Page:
Seriously though, if you haven't been motivated enough to sit down and right out a detailed plan by this point, do yourself a favor and get off your a** today and go get a seasonal job at UPS or FedEx.  You have "Lazy Piece of S***" written all over you and I'm guessing the people at ML can read.

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OS wrote:RickRoss wrote:
Wing it?  Scramble and just put it together?  A sign that I'm not ready?
 
Just go in there and show them that you can wing it without a plan.  It's not like there's any planning involved in being a FA, and they'll appreciate the fact that you can wing it with your future clients life savings too. 
Seriously though, if you haven't been motivated enough to sit down and right out a detailed plan by this point, do yourself a favor and get off your a** today and go get a seasonal job at UPS or FedEx.  You have "Lazy Piece of S***" written all over you and I'm guessing the people at ML can read.
 
OS, you know nothing about me or my past working experience to make such a rude and bold comment.  Didn't your mother ever tell you that if you don't have anything nice to say, don't say it at all?  It's people like you that make this forum unbearable at times.
 
This is the Rookies & Trainees section of the forum.  If people with slight ignorance to the industry annoy you and you don't want to help out by giving constructive and non-condescending advice, take your dirty little fingers and click on another section!
 
Jerk.

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I'm sorry Rick. 

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Final Interview is approaching.  If an offer is made, how much negotiating room do I have with the salary?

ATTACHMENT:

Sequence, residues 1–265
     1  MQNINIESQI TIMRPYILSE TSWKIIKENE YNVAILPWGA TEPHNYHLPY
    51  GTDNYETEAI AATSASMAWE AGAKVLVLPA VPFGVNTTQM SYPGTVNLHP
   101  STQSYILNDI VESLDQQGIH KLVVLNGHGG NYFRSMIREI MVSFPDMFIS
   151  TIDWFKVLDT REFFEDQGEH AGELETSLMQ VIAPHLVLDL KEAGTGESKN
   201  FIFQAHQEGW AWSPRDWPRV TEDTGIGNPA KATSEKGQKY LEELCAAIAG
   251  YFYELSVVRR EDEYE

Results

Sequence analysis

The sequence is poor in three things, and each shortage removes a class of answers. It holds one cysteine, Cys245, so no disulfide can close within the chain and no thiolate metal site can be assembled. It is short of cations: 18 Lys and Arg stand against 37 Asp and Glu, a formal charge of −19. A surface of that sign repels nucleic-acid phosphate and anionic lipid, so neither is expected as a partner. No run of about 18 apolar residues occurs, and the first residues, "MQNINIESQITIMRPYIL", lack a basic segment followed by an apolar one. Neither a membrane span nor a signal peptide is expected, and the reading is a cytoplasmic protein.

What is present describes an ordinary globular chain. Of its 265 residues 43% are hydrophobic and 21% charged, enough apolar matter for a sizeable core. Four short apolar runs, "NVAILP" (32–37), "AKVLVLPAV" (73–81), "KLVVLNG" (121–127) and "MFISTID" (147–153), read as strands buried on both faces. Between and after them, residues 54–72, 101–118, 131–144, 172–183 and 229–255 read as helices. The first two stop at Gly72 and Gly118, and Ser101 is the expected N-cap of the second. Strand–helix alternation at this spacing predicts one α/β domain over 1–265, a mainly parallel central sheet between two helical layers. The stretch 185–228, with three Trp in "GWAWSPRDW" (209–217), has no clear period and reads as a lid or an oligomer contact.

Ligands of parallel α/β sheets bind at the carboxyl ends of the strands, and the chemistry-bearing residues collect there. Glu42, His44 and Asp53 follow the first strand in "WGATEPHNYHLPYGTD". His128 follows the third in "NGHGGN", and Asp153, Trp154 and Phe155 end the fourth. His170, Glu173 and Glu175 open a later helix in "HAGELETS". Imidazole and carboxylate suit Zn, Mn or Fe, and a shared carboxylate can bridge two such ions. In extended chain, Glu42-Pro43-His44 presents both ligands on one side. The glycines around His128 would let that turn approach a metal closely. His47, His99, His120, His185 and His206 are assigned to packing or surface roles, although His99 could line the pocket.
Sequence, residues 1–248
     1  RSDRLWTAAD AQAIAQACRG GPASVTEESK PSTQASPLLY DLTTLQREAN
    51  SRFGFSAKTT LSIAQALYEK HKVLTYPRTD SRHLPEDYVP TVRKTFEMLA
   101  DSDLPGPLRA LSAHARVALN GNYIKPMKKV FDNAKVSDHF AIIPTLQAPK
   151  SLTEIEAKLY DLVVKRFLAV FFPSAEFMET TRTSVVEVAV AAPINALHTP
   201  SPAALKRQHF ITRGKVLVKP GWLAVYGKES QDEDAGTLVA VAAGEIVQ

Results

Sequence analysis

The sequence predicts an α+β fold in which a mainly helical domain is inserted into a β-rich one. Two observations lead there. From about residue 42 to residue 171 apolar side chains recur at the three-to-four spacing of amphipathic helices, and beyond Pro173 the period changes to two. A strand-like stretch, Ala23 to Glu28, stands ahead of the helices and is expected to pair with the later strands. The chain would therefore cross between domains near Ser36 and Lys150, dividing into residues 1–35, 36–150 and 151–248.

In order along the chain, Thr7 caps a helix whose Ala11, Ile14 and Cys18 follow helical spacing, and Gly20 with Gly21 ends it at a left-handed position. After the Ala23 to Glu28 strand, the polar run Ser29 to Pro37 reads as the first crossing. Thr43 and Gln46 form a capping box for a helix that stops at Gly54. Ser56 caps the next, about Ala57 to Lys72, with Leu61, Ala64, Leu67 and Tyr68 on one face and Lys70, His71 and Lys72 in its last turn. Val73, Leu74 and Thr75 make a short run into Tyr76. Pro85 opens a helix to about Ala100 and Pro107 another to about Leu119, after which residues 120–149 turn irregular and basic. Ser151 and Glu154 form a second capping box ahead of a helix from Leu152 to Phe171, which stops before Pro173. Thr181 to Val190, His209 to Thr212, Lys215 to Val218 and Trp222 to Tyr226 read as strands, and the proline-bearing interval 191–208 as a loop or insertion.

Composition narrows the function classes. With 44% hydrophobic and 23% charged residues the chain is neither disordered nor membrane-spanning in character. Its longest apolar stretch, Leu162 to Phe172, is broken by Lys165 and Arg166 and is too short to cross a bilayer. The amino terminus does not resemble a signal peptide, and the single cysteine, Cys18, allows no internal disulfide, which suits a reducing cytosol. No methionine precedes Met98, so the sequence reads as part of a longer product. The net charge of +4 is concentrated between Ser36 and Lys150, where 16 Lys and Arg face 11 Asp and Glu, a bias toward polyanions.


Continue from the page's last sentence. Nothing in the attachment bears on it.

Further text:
I know they're planning to bring 7 more rookies on in addition to the existing 3. 

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http://www.investmentnews.com/apps/pbcs.dll/article?AID=/20081217/REG/812178496

If you really want to be at ML I would take what I could get, and keep my resume handy just incase.  If ML is a backup plan, or if you have other offers on the table, try to get what you feel you need or what you've been offered at other firms.

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Wow.  Thanks for the link.  Any other similar articles out there? 
 
I haven't asked any questions regarding job security or the changes BoA might bring to ML in the interviews; I wasn't sure that would be appropriate.  But they can't honestly think I am not concerned at all about what's going on.
 
I guess I hope an offer with MM comes along soon.  No base/training pay, but since it's a mutual company, things like this are much less likely to occurr. 

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If you haven't brought up the merger or job security yet, I would wait until you have an offer on the the table before you bring it up.  Then just say something like, "ML is by far my first choice and it is where I really want to build my business, I just want to make sure if I accept this offer and turn the others down I'll be given a fair chance to meet the requirements without being laid off beforehand."  I think that's fair, and it'd be interesting to hear how they respond.  Of course the people at the branch level probably have nothing to do with what trainees get laid off, but maybe they could at least give you some insight on the whole thing.
Good luck!

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Thanks, OS.
 
Glad to see our interaction has turned around for the better. 

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RickRoss wrote:Not sure why some of my recent posts have been getting cut off and only partially posted.  Hopefully this entire post goes through.
 
Got the 2nd interview coming up.  Don't exactly have a specific business plan / details on how I will approach my target market yet. 
 
Wing it?  Scramble and just put it together?  A sign that I'm not ready?